To Our Congress, House and Senate Leaders,
I am the senior partner and CEO of Cogent Analytics. We are a small to mid-market business management consulting firm operating in 25 states, which has been consistently ranked as one of the fastest-growing privately held firms over the last four years, documented in Inc. 500/5000. Our sole mission is to represent Entrepreneurs and their companies in areas of Business Development, Human Resources, Operations Management, and Financial Performance; all in the spirit of improving their bottom lines and creating a healthier environment for the small business community.
I write this today out of great concern for some of the initiatives that have been proposed in the last couple of days. I laud the effort and am in full support of any initiative which clearly benefits the American worker while also being mindful that Entrepreneurs and small businesses are the highest risk group in a tough economy. There appear to be proposals that conflate the protections for employees with purported help for the businesses. Offering small business owner loans but then tethering to employment retention or wage standard seems counter-intuitive. The results are conflicting, and the reality will see no business standing for workers to go back to once the storm abates.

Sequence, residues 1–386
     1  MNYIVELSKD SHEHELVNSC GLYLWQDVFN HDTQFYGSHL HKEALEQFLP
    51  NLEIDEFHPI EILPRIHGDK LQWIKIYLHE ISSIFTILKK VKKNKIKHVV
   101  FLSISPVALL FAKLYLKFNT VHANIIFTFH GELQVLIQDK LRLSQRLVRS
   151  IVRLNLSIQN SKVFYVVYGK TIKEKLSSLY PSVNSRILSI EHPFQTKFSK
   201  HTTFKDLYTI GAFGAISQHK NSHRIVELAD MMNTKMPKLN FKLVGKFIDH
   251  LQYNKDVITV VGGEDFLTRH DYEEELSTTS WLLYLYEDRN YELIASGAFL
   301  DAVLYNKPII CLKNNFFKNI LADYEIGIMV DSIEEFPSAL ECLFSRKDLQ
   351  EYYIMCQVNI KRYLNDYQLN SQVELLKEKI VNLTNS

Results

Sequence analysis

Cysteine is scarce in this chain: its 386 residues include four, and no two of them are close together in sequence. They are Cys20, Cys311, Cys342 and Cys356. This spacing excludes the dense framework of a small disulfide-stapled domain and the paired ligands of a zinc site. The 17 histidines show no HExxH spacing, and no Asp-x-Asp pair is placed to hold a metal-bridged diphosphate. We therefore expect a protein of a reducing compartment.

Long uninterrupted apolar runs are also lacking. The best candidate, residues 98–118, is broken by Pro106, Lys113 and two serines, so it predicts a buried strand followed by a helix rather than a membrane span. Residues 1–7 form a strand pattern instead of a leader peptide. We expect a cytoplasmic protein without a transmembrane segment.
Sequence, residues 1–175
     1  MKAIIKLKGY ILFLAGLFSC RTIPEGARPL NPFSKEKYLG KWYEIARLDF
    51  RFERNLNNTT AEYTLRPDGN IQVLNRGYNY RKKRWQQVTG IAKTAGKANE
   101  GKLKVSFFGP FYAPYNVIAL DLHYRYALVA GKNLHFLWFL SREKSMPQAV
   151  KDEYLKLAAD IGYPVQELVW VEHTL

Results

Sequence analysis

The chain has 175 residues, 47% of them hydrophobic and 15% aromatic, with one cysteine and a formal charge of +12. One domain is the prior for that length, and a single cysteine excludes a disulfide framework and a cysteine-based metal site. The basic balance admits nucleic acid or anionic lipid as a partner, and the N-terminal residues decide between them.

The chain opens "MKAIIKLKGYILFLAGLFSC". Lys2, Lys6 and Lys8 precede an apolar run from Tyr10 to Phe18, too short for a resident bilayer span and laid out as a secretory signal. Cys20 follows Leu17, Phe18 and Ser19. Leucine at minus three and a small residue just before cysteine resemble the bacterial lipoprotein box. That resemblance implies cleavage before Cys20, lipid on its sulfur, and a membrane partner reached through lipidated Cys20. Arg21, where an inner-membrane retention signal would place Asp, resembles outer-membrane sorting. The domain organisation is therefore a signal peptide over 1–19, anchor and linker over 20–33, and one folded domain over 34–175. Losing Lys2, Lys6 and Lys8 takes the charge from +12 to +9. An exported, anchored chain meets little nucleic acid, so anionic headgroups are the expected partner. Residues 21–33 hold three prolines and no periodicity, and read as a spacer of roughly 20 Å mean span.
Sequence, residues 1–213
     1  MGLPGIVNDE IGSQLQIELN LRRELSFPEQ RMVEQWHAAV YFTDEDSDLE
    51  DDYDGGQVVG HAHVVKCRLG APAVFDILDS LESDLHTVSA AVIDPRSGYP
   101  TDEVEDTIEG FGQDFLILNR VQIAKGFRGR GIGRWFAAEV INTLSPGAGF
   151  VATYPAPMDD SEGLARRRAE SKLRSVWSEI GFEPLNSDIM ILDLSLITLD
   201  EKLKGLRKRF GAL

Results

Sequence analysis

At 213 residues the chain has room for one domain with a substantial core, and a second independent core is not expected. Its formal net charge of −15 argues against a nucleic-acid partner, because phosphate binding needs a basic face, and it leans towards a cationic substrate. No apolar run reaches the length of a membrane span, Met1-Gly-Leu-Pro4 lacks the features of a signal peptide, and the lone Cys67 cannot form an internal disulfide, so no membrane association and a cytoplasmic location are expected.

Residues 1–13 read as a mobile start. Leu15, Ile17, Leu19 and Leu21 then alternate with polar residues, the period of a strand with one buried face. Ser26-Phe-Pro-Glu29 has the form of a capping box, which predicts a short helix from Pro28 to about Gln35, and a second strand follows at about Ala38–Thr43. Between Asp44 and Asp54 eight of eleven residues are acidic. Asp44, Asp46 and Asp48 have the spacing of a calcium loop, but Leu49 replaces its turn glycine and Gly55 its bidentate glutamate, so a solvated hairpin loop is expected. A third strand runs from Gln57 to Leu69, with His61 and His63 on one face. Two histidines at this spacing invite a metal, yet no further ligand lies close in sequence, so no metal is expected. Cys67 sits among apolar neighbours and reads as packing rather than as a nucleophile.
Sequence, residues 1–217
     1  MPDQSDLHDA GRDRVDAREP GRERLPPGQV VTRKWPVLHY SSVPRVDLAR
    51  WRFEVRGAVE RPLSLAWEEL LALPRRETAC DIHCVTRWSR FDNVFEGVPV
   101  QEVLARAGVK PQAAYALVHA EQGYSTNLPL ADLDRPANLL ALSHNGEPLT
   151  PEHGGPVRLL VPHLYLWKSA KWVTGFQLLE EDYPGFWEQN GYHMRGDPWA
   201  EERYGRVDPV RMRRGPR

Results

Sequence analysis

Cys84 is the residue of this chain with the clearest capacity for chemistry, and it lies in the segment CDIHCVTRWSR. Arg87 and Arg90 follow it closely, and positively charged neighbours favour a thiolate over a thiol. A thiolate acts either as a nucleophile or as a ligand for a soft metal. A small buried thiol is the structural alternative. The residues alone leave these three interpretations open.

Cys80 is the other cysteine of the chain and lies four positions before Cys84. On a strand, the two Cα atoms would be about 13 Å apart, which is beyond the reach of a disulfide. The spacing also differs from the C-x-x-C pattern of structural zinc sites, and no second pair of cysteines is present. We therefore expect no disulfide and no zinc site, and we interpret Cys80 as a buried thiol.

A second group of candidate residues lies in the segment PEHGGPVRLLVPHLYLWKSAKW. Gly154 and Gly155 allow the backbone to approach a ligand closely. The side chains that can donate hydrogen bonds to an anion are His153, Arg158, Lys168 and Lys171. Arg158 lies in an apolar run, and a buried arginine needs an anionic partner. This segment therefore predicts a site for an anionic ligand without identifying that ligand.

Case in point: If I am a small business owner operating on slim margins with standard healthy debt levels, I’m most often operating on limited cash once sating the obligations to tax and debt service. If I then have a new world order in which my immediate revenues drop by 50% or more and my receivables, which I was counting on for goods I produced or sold 30-60 days ago, don’t come in, I am immediately in a position of a full failure. The cycle is compounded as my receivables are my customers’ payables, which they can’t afford either for the same reason I can’t afford mine.
Further, the direct cost side of my business is comprised of predominantly manpower and material, and must be adjusted. If I, as an entrepreneur, cannot adjust these direct costs, I will be forced to default on immediate traditional debt as well as any additional fixed costs I have as obligation (i.e., rent, lights, insurance, etc.). In this model, entrepreneurs are faced with a circumstance that regardless of how much relief is provided, there is no separation between grants to maintain employment or wage levels and grants to cover other fixed obligations to keep the business open. We must have a solvency litmus on SG&A, and indirect costs or the business will fail, and, by virtue of unintended consequences, put the employees out of work regardless.
If we are willing to keep payroll rolls solvent through grants to entrepreneurs, the next portion of the conversation must consider that 941 tax, as well as withholding from employees, would put an undue burden on the amount of relief that would actually end up in the employee pockets. Functionally we would be loaning taxpayer dollars to subsidize additional tax being paid into the system. Structurally this would have a number of adverse effects where good intentions were the goal.
I am more than happy to speak to this should you choose. I can appreciate that in our current environment, we are working toward expedient solutions for the American public, I can only hope that through this relief process, we don’t end up with painful 20/20 hindsight.
Robert D. Braiman
Principal, Managing Director